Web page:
BlueCross and BlueShield of Montana Medical Policy/Codes
Anterior Eye Segment Imaging
Chapter: Medicine: Tests
Current Effective Date: June 01, 2013
Original Effective Date: December 14, 2010
Publish Date: June 01, 2013
Revised Dates: June 1, 2011; April 17, 2013
Description

The classification of glaucoma (primary open-angle or angle-closure) relies heavily upon knowledge of the anterior segment anatomy, particularly that of the anterior chamber angle. Angle-closure glaucoma is characterized by obstruction of aqueous fluid drainage through the trabecular meshwork (the primary fluid egress site) from the eye's anterior chamber.  The width of the angle is one factor affecting the drainage of aqueous humor.  A wide unobstructed iridocorneal angle allows sufficient drainage of aqueous humor, whereas a narrow angle may impede the drainage system and leave the patient susceptible to angle-closure glaucoma.  The treatment for this condition is a peripheral iridotomy (laser) or peripheral iridectomy (surgery).

Slit lamp biomicroscopy is used to evaluate the anterior chamber; however, the chamber angle can only be examined with specialized lenses, the most common of these being the gonioscopic mirror.  In this procedure a gonio lens is applied to the surface of the cornea under topical anesthesia and the image magnified with the slit lamp.  Gonioscopy is the standard method for clinically assessing the anterior chamber angle.  Other techniques for imaging the anterior eye segment include ultrasonography and optical coherence tomography (OCT).

Ultrasonography uses high frequency mechanical pulses (10 to 20 MHz) to build up a picture of the front of the eye.  An ultrasound (US) scan along the optical axis assesses corneal thickness, anterior chamber depth, lens thickness and axial length.  Ultrasound scanning across the eye creates a two-dimensional image of the ocular structures.  It has a resolution of 100 microns, but only moderately high intra-observer and low inter-observer reproducibility.  Ultrasound biomicroscopy (about 50 MHz) has a resolution of 30 to 50 microns.  As with gonioscopy, this technique requires placement of a probe under topical anesthesia.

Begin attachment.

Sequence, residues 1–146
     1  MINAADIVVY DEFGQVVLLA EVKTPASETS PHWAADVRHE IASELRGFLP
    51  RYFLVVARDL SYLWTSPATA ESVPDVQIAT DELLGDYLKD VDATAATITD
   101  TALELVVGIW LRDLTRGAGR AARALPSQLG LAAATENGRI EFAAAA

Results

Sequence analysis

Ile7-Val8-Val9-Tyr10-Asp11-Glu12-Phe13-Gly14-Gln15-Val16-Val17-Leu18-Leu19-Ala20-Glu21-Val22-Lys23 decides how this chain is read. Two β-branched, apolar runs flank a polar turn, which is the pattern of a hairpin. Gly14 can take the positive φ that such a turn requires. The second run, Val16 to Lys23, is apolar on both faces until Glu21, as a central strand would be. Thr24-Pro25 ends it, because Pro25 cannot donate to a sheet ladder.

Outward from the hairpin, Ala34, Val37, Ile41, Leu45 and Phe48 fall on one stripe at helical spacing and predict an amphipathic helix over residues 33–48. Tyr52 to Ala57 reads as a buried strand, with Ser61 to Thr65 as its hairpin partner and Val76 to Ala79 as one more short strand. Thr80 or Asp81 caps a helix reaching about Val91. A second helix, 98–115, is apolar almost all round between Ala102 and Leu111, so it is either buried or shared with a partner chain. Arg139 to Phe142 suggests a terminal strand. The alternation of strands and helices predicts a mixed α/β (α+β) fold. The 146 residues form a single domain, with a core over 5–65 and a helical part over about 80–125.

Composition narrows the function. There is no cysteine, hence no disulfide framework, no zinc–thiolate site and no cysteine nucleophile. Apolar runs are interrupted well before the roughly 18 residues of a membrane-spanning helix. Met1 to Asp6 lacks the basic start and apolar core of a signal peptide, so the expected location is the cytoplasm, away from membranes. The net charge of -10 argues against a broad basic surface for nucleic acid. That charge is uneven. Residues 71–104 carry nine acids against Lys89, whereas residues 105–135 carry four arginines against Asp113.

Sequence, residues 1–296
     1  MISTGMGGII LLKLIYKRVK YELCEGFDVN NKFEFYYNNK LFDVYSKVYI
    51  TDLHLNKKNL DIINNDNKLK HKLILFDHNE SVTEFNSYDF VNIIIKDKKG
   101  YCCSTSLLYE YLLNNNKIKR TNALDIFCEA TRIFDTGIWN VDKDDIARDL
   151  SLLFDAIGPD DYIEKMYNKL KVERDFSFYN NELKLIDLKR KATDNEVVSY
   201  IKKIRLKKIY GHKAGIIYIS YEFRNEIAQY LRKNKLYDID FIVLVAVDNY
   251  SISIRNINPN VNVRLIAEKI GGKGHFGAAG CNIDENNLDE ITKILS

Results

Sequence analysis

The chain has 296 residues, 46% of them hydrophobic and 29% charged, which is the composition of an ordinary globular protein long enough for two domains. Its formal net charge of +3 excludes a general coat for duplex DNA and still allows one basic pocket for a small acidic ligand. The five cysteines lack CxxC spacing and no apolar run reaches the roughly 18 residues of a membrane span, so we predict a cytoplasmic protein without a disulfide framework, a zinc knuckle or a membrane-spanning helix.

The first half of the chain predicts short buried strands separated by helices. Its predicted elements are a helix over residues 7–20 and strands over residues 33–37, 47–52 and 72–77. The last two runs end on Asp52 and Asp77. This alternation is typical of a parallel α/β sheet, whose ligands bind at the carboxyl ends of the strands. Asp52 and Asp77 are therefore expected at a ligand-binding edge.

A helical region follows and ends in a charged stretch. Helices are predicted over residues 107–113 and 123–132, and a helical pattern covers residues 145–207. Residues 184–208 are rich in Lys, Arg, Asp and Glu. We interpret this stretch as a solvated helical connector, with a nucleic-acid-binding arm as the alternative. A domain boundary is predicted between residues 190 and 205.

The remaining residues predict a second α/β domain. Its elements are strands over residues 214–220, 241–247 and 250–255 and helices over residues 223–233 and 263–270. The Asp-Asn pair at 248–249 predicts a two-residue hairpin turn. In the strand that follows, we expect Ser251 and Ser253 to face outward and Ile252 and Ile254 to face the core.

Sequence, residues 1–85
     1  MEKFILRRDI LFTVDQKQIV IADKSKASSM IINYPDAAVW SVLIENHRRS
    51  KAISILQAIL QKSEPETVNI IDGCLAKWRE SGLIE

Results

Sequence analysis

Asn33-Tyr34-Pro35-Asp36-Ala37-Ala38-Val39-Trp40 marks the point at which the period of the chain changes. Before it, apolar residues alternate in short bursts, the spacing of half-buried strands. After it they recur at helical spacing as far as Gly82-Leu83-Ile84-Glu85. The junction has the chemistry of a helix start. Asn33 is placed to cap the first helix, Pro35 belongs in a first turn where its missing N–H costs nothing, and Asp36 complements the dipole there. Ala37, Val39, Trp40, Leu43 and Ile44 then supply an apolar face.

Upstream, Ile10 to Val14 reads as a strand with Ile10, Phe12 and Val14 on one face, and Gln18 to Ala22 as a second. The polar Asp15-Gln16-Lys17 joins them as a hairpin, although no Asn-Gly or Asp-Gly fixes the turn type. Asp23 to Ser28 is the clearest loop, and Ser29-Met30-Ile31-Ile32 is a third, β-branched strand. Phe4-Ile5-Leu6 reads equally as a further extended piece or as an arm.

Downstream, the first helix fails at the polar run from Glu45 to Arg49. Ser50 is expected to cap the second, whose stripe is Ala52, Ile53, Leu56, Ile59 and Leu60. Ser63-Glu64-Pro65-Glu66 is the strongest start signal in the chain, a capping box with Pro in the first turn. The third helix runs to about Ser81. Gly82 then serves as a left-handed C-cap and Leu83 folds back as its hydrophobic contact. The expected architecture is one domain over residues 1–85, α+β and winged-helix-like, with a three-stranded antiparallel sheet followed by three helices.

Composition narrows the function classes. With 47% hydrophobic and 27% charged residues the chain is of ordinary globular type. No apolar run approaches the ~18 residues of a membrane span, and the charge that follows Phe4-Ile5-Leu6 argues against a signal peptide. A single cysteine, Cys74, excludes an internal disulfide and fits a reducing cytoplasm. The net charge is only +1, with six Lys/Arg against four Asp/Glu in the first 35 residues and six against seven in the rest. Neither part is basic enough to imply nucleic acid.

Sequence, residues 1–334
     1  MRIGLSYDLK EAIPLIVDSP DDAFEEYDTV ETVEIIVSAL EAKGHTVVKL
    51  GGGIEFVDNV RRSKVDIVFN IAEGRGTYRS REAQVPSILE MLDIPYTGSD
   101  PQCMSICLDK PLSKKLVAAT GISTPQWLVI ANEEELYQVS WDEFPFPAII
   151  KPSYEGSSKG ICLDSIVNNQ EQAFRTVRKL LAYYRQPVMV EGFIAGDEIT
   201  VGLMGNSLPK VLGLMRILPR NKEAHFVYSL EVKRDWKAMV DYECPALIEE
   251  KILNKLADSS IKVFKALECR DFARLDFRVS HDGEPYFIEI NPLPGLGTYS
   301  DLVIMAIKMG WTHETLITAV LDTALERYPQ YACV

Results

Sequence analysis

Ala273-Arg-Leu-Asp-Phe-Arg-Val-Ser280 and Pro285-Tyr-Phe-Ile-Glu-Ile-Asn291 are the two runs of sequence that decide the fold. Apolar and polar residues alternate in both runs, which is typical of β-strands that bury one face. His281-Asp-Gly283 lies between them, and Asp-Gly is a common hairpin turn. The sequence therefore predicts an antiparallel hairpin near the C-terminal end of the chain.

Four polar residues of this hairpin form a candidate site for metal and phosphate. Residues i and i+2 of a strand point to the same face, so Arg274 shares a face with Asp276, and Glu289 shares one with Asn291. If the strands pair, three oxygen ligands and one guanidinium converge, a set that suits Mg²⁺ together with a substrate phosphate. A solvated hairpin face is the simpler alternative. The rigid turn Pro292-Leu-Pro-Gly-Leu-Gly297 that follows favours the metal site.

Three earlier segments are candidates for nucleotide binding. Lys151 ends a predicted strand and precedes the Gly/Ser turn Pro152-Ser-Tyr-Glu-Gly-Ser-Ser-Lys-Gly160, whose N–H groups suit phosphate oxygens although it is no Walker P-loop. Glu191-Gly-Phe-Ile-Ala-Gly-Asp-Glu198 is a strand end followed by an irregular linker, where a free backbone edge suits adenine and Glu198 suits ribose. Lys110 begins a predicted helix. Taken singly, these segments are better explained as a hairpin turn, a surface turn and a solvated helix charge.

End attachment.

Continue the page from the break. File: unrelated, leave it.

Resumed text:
OCT is a non-invasive method that creates an image of light reflected from the ocular structures.  In this technique a reflected light beam interacts with a reference light beam.  The coherent (positive) interference between the two beams (reflected and reference) is measured by an interferometer, allowing construction of an image of the ocular structures.  This method allows cross-sectional imaging at a resolution of 6-25 microns.  The Stratus OCT™ (Carl Zeiss Meditec), which utilizes a 0.8 micron wavelength light source, was designed for evaluating the optic nerve head, retinal nerve fiber layer and retinal thickness.  The Zeiss Visante OCT™ uses a 1.3 micron wavelength light source and is designed specifically for imaging the anterior eye segment.  Light of this wavelength penetrates the sclera, allowing high-resolution cross-sectional imaging of the anterior chamber angle and ciliary body.  The light is, however, typically blocked by pigment, preventing exploration behind the iris.  Ultrahigh resolution OCT can achieve a spatial resolution of 1.3 microns, allowing imaging and measurement of corneal layers.

An early application of OCT technology was the evaluation of the cornea before and after refractive surgery; OCT is also commonly used to image the retina.  Since this is a non-invasive procedure that can be conducted by a technician, it has been proposed that this device may provide a rapid diagnostic and screening tool for the detection of angle closure in glaucoma.  Also being investigated is the possibility that the 0.8-micron wavelength Stratus OCT, which is already available in a number of eye departments, may provide sufficient detail for routine clinical assessment of the anterior chamber angle in glaucoma patients.  Add-on lens are also available for imaging the anterior segment with OCT devices designed for posterior segment imaging.

Regulatory Status

The Visante OCT™ received marketing clearance through the U.S Food and Drug Administration (FDA) 510(k) process in 2005, listing the Stratus OCT™ and Orbscan™ II as predicate devices.  The 510(k) summary describes the Visante OCT as “a non-contact, high resolution tomographic and biomicroscopic device indicated for the in vivo imaging and measurement of ocular structures in the anterior segment, such as corneal and LASIK flap thickness.”

The AC Cornea OCT from Canada has not been cleared for marketing in the United States.

Policy